PHOENIX, 21 Jan. 2014. “Innovation is a double-edged sword: offering new product improvements, with diminishing support for aging products,” says Ethan Plotkin, CEO, GDCA.
Everybody has an end-of-life (EOL) policy, but our teams still deal with the everyday fall out of supporting products past their EOL.
“Everybody agrees our EOL policy creates scrambles, but it’s hard to say no when a customer comes back for more support later,” Plotkin says, quoting an unnamed director of engineering.
Obsolescence pushes everyone into an EOL corner, Plotkin admits.
The typical product life cycle management (PLM) model is: introduction, growth, maturity, decline (reduced component availability), and end of life, Plotkin says. At the decline and EOL stages, lower-performing products make up a very small percentage of revenue share, but still require a high level of effort. “EOL is defensive and sacrifices lifetime profit,” he explains.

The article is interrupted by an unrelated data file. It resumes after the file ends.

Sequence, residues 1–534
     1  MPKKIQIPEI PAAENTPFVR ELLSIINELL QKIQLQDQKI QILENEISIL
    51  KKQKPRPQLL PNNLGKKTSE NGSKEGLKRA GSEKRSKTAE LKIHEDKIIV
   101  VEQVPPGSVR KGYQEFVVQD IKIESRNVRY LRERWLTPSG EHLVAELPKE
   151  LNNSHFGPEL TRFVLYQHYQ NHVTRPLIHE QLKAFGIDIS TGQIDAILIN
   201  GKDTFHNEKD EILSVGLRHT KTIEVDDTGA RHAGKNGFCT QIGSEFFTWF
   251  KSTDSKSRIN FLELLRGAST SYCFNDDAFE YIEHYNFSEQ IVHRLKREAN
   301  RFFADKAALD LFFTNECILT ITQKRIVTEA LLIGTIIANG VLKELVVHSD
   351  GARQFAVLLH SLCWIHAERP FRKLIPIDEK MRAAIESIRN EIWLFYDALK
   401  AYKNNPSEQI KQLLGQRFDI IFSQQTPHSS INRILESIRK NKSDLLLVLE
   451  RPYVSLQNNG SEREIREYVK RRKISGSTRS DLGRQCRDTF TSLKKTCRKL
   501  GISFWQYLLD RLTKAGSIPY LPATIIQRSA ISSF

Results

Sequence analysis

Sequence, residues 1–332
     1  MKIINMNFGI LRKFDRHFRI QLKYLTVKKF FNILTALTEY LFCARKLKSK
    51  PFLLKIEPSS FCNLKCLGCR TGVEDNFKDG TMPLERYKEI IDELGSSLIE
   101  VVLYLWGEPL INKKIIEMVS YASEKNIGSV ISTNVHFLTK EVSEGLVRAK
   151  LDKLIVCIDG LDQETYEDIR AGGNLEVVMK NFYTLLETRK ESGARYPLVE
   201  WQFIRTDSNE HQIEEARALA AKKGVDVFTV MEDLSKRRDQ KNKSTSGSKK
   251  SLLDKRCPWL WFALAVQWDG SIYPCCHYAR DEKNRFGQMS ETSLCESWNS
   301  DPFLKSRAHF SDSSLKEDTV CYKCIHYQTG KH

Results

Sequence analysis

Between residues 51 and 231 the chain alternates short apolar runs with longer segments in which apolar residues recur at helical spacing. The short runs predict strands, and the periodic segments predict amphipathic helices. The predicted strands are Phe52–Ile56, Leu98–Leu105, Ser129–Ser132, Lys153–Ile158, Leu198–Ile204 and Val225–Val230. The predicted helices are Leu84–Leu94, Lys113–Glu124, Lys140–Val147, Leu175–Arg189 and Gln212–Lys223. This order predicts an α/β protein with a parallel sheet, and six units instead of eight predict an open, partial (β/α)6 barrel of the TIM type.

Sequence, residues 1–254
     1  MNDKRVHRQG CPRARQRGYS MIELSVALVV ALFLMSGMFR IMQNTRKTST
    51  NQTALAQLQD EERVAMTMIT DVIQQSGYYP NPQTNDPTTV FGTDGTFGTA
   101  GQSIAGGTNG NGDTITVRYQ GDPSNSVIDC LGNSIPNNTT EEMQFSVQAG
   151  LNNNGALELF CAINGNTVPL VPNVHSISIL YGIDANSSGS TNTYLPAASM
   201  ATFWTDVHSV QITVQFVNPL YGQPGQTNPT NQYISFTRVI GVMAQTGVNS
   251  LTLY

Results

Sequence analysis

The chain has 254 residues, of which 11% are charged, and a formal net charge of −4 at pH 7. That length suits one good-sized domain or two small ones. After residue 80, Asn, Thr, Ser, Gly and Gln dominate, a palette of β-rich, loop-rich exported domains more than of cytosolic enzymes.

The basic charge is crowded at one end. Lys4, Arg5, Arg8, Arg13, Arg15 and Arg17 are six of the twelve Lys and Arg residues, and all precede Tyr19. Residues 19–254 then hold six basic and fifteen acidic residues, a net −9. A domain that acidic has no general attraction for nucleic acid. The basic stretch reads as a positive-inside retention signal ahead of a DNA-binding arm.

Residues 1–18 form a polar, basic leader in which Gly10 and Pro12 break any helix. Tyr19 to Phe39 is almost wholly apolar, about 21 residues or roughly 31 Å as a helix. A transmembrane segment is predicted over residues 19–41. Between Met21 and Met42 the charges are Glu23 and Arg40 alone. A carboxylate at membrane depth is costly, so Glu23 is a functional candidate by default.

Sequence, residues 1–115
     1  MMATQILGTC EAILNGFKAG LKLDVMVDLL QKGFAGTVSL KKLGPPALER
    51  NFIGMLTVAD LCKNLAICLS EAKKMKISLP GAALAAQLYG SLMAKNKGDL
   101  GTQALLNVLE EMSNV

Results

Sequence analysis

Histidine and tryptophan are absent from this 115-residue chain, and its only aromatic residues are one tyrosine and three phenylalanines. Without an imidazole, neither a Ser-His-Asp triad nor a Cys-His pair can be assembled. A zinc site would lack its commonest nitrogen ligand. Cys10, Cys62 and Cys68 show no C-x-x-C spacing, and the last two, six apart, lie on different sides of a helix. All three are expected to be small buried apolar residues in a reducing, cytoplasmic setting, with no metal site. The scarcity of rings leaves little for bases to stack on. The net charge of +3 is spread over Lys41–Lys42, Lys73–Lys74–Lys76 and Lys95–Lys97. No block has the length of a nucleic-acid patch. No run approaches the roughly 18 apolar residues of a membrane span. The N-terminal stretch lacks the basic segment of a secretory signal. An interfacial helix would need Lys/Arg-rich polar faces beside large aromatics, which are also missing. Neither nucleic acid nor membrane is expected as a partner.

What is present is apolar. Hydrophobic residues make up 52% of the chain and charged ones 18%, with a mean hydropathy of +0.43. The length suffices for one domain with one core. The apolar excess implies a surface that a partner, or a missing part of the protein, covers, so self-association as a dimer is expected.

“Obsolescence is like gravity; you can’t escape obsolescence. Obsolescence management is fundamentally flawed,” Plotkin explains, suggesting a proactive approach to component availability.
“EOL doesn’t work. EOL management is flawed. What do you do?” Plotkin questions. “A legacy sustainment strategy offers everyone more options and profit than EOL.” It’s about making a conscious choice and proactive plan, he says, “shifting from a defense strategy toward a strategy of managing the asset—these time-tested and sticky products. Then a customer doesn’t really have to go somewhere else. It’s a different reality and it’s better for everyone.”
Legacy sustainment enables companies to unlock profitable revenue and customer loyalty, Plotkin summarizes.